If you’re sitting at a desk all day long there is bound to be a time when you’ve noticed your shoulders are stiff or your back is tight. Many times we just overlook this and blame it on sitting for too long or our job.

However, more often than not there are things you can do at the office to promote a better posture which will decrease the load placed on your body.

1. Laptop height too low

The most common problem leading to neck issues is the screen height. When it comes to posture, there are many unconscious movement patterns that we develop as a human. These are there to help us survive in life and to react to certain stimulus.

When it comes to our head and eyes it is hard wired into our brain that the head follows where the eyes go. This is a protective mechanism to avoid injury. As an example, imagine walking on the street and tripping your foot on an uneven pavement – your first reaction will be to look down at the floor to visualise your landing which will then be followed by the head movement.

As another example, if you were to look up at the sky you would not just glance up with the eyes (unless done on purpose) but instead lift the head up with it.

It is these hardwired patterns that will affect your posture when you are sitting in front of a laptop.

Colleagues and coworkers working on a table with laptop and computers

2. Not taking enough breaks

We’ve all heard it before and we all know the importance of taking breaks but we as human beings love to soldier on sometimes to complete a task at hand or procrastinate and ignore the issue.

This becomes an issue because the longer you go without a break the more tension that can build up in your joints, ligaments and muscles. This is how knots and trigger points can potentially form. When you sit in one position for too long your muscles are constantly firing and over time they can fatigue and start causing pain.

It may be pain today but letting it build up over the course of a few years and that can develop into something much more sinister like headaches and pins and needles going down you arms.

As a recommendation you should be moving around at least every hour.

Taking a coffee break at the office desk

3. The laptop or keyboard is too far away from you

Have you ever noticed after a couple hours at your desk around midday and towards the end of the day your body starts slumping and your posture begins slouching?

We’re all creatures of comfort and it really is our bodies unconscious response to the stress you are putting it under. Naturally, if we have our laptop or keyboard too far forward in front of us we’d have to reach out further with our arms.

What this results in is your arms fighting against gravity in order to reach the laptop. The results? The muscles holding your arm up quickly fatigue and you will start aching around the shoulder blades and in the mid back region.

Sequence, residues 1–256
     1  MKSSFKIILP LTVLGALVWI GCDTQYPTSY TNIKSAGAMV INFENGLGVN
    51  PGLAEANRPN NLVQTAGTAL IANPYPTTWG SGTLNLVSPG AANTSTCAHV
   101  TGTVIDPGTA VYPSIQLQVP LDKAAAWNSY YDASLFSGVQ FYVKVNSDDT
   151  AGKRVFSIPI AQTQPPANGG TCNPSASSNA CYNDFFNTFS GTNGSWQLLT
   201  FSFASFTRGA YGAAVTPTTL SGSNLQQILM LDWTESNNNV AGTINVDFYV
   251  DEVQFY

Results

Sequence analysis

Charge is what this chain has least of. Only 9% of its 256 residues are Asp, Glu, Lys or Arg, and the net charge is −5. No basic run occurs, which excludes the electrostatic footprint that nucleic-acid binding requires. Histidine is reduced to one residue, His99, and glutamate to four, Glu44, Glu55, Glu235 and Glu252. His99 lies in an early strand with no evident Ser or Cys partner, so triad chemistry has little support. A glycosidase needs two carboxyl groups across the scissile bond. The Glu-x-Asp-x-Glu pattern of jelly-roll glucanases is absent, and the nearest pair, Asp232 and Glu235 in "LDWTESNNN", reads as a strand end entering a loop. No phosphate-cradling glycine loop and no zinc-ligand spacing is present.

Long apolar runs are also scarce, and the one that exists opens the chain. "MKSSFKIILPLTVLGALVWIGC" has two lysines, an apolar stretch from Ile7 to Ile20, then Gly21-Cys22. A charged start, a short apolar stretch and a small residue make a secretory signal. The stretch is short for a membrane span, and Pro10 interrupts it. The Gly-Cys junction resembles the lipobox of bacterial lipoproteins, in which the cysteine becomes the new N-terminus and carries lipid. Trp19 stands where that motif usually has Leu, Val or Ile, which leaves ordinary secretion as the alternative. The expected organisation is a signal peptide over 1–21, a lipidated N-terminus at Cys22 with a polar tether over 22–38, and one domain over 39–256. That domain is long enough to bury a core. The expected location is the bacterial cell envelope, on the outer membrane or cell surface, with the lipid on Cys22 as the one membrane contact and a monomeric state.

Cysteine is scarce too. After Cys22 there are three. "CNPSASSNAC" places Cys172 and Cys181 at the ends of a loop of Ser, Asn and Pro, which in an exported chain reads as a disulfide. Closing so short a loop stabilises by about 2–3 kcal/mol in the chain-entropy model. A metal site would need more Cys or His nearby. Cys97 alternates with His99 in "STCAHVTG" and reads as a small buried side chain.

As you bang away on your keyboard that is too far to reach you will also notice your shoulders rounding forward – that’s your shoulder muscles overworking and over time that is a major contributor to stiff and achey shoulders.

If we let that tension build up over time that can develop into trapped nerves, headaches, numbness and tingling and even shooting pains that go down the arm.

Office desk worker with a cluttered space

4. Your chairs arm support is too high

Picture this – It’s 3pm in the afternoon and you’ve just had a large meal for lunch. You’re eagerly trying to fight off the onsetting food coma that is barging its way through to dominate your consciousness. Your shoulders are aching and a headache is starting to develop.

Was it the glorious cheese melt you had for lunch taking its toll on you? Or is your body getting too tired to function?

You’d never think it, but your arm rest can impede on your posture by blocking you from getting closer to the table. The further you are from the table the more you will have to reach out.

There are many ways to do this – some may lean forward which would place tension in the lower back. Some may crane their neck forward to get closer. Some may roll their shoulders forward.

Most of us will do a combination and the prolonged pressure on our muscles can lead to our aches and pains.

Yellow chair laptop in snow, lounge comfort

5. There’s not enough room around your feet

How much room do you have around your feet? Do you play footsies with your coworker opposite you? Is there a wall in front of your knee making you reminisce of the wonderful economy chairs on a plane? Are there cords and desktop towers that are obstructing you?

You may not think it but having no space under the table plays a big role in your posture. If you have no moving space then you will be forced to go throughout your day in a cramped position. This prolonged position will place a lot of static pressure on your muscles and joints.

When there is enough of a build up of this and your muscle finally fatigues this will can lead to issues such as sciatica, low back pain and even disc problems.

Desk space cluttered around feet causing back pain